Nuclear Threat Initiative
What’s the value of a nuclear warhead today? Not the monetary value, but as a deterrent?
Nuclear explosions are frightfully destructive, and that’s the point: to inspire fear, to deter an adversary. Atomic bombs still appeal to some nations and terrorists, making proliferation a constant risk. Fortunately, there are fewer nuclear warheads in the world than during the Cold War; down from about 60,000 to about 22,000 today, most of which remain in the United States and Russia. But the deterrent value of the arsenals isn’t what it used to be. Both the U.S. and Russia face new threats — terrorism, proliferation, economic competition, pandemics — for which these long-range or strategic nuclear weapons are of little value.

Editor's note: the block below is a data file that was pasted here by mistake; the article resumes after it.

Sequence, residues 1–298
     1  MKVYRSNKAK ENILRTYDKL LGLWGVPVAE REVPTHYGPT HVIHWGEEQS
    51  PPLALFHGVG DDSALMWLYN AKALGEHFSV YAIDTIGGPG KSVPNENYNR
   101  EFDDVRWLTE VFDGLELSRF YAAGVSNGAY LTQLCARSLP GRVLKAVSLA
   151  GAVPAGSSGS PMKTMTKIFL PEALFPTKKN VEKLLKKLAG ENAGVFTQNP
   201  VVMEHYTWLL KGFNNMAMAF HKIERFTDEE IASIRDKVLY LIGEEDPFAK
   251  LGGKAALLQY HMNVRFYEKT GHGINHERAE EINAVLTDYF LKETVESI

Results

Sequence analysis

Another group of bombs which have lost their purpose are the battlefield or tactical nuclear weapons, originally created during the Cold War to deter a massive land invasion in Europe. NATO has between 150 and 200 B-61 gravity bombs in Belgium, Italy, Germany, the Netherlands and Turkey, fewer than the thousands of weapons based in Europe during the superpower confrontation. Today, Russia has an estimated 2,000 useable tactical nuclear weapons, although it is not clear precisely how many nor where they are located.
Why are they still deployed? Russia has its own calculus; more about that below. But for NATO, the argument made by some is that these weapons have symbolic value, showing that non-nuclear members are sharing in the alliance defense burden.
Yet by many accounts, these nuclear bombs have no military utility. Where would they be dropped? The war plans of the Cold War are defunct. Our modern nuclear-tipped missiles are plenty accurate and sufficient for any future contingency or target. Read the rest of this entry »